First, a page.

While it’s not a great idea to blast your wheel bearings or electronics with a pressure washer, you can safely clean your motorbike with one if you are careful.
Thing is, going to the effort of digging out your corded washer, finding an extension lead, and then uncoiling the hosepipe seems like a lot of effort to go to if all you want is to blast the bugs off a few panels. And that’s assuming you’ve got an outside tap in the first place.
Cordless pressure cleaners are not a new thing - Karcher has a 12v model and there’s even a smaller version of the Worx unit on test available – but neither shifts enough water to replace a corded machine entirely, even when it comes to cleaning relatively delicate things like motorbikes. So what’s different about this one?
1. Worx WG630E.1 Cordless Brushless Hydroshot Portable Pressure Cleaner
Well, this more powerful, brushless Hydroshot caught out attention not because it produces a higher-pressure jet (it claims the same power as the smaller brushed model) but because its flow rate is nearly two times higher. Plus, the battery lasts longer and can be charged in a fraction of the time.
Is the Worx Hydroshot good at cleaning motorbikes?
The 22 bar of pressure both Hydroshot models produce is more than sufficient to loosen bird dirt, ground-in grime, and caked-on mud. However, the more powerful version can move 210 litres per hour instead of 120 litres, and this is what makes it more useful at blasting things clean, simply due to the larger volume of water it can move.
If you’ve got no access to outside water then it’s a really easy thing to recommend because it can run off a bucket or a water butt. A once-over with a pressure cleaner like this makes quick work of stuck-on dirt before you move to the soap and bucket stage, or you can use the included shampoo bottle to coat the whole bike in a thick lather. It’s certainly easier than using a watering can like I used to use when I lived in a flat with no garden tap.
However, I reckon the brushless Hydroshot is preferable to a corded pressure washer even if you have outside electricity and water, purely because it’s so much more convenient. I’ve hung this gadget up on my garage wall where it’s as easy to retrieve as a pair of pliers, before dunking its 6-metre hose into a 25-litre water container I bought separately.
The container itself is more than large enough to clean a motorbike (I actually managed three cars with it before it ran out) so it’s usually at least half full and can be positioned near my bike on the driveway as opposed to the hosepipe, which even at full stretch barely reaches. And gets tangled around my Karcher’spower cable.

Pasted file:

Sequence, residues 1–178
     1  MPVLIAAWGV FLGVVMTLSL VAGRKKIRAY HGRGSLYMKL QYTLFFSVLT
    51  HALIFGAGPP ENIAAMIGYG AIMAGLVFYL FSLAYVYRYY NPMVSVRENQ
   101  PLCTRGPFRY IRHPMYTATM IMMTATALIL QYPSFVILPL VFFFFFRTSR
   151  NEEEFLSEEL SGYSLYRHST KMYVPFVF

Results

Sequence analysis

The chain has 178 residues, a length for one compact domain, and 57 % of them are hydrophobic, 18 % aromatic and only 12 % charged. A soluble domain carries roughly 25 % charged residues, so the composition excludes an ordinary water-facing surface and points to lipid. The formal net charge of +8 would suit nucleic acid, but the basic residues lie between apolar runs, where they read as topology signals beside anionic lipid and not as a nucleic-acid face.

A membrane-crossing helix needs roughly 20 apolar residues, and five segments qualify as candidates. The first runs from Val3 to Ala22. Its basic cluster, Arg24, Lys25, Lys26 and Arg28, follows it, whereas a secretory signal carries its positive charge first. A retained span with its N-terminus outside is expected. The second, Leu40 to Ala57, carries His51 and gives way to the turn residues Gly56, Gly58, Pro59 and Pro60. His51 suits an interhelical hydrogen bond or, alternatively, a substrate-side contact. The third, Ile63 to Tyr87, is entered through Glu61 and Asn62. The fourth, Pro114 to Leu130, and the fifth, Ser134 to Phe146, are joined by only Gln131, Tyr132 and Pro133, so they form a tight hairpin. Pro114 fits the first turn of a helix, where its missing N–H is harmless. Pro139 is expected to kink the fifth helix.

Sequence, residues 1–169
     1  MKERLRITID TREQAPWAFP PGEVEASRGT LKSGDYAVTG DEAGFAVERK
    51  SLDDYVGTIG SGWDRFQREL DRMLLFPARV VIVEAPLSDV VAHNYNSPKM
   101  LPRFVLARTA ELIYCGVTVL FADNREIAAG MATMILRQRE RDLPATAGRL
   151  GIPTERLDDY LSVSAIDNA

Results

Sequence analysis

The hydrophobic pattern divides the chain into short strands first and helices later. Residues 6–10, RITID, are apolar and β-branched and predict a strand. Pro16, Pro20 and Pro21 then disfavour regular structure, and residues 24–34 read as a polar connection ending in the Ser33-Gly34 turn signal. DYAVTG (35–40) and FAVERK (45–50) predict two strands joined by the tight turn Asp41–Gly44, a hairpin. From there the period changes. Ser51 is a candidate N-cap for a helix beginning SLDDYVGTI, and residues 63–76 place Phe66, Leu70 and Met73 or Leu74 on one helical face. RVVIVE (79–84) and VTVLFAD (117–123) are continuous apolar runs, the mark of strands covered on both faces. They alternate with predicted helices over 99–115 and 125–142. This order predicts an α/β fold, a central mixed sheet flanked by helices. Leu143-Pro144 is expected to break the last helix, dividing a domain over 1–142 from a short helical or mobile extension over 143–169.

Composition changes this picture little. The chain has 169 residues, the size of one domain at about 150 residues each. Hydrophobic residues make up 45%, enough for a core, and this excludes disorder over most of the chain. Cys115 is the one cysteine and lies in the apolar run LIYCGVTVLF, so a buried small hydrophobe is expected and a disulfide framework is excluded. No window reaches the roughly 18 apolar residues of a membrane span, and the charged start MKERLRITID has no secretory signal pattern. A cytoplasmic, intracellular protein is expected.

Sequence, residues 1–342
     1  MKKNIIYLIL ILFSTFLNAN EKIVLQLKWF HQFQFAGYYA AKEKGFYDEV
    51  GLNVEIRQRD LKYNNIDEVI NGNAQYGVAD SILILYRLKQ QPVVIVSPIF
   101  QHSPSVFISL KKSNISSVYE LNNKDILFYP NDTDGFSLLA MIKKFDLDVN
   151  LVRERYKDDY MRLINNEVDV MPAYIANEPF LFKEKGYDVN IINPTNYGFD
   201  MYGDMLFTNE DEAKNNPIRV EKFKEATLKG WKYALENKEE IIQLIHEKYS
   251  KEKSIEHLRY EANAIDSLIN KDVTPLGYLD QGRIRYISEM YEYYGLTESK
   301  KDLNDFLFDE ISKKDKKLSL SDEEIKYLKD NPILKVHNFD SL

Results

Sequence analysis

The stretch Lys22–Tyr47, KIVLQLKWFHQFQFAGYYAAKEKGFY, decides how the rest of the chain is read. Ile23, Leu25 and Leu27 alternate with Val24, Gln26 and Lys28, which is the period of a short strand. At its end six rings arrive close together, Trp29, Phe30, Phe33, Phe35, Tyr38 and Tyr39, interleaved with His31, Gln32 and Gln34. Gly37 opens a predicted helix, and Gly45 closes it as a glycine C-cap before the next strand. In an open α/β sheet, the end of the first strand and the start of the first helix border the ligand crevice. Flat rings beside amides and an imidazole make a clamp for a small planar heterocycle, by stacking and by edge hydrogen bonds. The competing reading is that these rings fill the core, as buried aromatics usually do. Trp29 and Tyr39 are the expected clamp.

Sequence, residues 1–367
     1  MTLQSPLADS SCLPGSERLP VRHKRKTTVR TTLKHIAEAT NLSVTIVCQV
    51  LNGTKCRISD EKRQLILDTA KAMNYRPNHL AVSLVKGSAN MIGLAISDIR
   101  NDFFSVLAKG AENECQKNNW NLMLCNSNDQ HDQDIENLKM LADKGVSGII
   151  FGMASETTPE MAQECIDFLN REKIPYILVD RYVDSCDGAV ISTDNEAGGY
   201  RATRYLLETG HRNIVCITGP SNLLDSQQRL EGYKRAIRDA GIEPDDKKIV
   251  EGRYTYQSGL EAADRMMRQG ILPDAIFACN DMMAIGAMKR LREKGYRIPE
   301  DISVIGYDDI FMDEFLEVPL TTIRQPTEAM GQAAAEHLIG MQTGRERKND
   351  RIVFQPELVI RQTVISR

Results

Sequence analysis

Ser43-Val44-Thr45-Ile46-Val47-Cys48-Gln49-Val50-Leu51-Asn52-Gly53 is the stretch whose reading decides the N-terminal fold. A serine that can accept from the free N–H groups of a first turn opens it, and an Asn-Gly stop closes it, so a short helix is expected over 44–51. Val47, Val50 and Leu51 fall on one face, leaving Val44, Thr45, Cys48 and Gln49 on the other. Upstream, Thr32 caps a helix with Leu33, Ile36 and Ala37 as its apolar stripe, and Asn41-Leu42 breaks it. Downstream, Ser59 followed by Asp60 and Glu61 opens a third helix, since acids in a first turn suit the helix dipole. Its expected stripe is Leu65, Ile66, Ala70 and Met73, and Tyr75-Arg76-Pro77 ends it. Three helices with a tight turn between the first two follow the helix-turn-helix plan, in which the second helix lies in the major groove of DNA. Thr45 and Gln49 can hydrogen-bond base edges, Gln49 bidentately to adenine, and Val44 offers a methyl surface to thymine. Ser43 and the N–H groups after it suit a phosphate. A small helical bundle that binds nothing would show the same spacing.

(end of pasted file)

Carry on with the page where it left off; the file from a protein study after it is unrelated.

Plus, because the Hydroshot’s hose has a filter on the end, I reckon I can connect the container up to my guttering and then use rainwater to clean my bike instead.
How very green. What’s the Hydroshot like to use?
Slightly heavier than the brushed Hydroshot (2.5kg vs 1.7kg) but the battery is located further forward on the unit so it feels nicely balanced in your hand.
That’s important because the battery itself is a bit of a whopper – a 20v, 4.0Ah item that has double the capacity than the one you get with a brushed Hydroshot. It also survived the three car washes I mentioned earlier, so a motorbike clean barely dents it.
Even if it did, it only takes 40 mins to charge on the (admittedly quite large) base station, and you can use it with a variety of Worx battery share tools too.
You get a long lance with this washer (the brushed one gets a shorter version) but both have five spray patterns – a powerful zero-degree mode, then 15, 25 and 40 degrees, plus a shower setting. I just use the 15-degree one as it seems to cover all bases.
This is where a pressure washer makes a case for itself over a hosepipe – the spray pattern is so accurate and consistent, it’s easy to get the cleaning spray directed where you want it.
The bundle on test is the not-memorably named WG630E.1, which gets you a six-metre hose, Powershare battery and charger, plus a special fitting so you can run the Hydroshot from a plastic bottle.
This screws into the unit and then accepts the thread from a supermarket water bottle. I’ve got a three-litre bottle for this purpose which ramps up the portability benefit even further, but bear in mind it adds a kilogram of weight for every litre of water. Plus, because the brushless model gets through water so much quicker, it’s more useful on the lower-powered brushed Hydroshot.
Finally there’s a three-year warranty included, which is a lot of washing.
How did you test it?
I cleaned my motorbike with it! I did this with the Hydroshot connected to my garden hose, as well as dunked into a 25-litre water container and finally with a three-litre bottle attached as described above, in order to find the best method (the water container, if you’re wondering).
In order to test the shampoo bottle, I filled it with Muc-Off and hosed the motorbike down before sponging and rinsing off again. This left it pleasingly clean given the minimal effort that went into it.
As I said before, if you’ve got no outside water then the Worx Hydroshot brushless will make scrubbing your motorbike down significantly easier, and even if you do have a hose, it’s still more convenient than digging out and setting up a corded cleaner for small jobs like this.
It’s very much like a cordless vacuum cleaner – easier to store and deploy at a moment’s notice, it makes cleaning your bike so easy you’ll do it more often, and then it’s less of a task.
I still reckon a corded pressure washer is better for jobs where you mostly stand still while cleaning a small area (the driveway for example), but as this is Motorcycle News and not Patio Slab News, I won’t hesitate to recommend it.